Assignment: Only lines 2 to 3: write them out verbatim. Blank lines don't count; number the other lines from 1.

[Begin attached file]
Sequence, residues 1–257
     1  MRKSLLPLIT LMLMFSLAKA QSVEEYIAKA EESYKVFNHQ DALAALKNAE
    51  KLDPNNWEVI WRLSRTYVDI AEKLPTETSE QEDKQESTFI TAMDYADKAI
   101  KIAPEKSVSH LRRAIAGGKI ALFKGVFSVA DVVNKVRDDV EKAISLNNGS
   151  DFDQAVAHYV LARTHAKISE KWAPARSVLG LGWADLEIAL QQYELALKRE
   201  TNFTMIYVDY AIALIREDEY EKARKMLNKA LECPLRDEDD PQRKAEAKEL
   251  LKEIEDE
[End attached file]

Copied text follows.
     1  MRKSLLPLIT LMLMFSLAKA QSVEEYIAKA EESYKVFNHQ DALAALKNAE
    51  KLDPNNWEVI WRLSRTYVDI AEKLPTETSE QEDKQESTFI TAMDYADKAI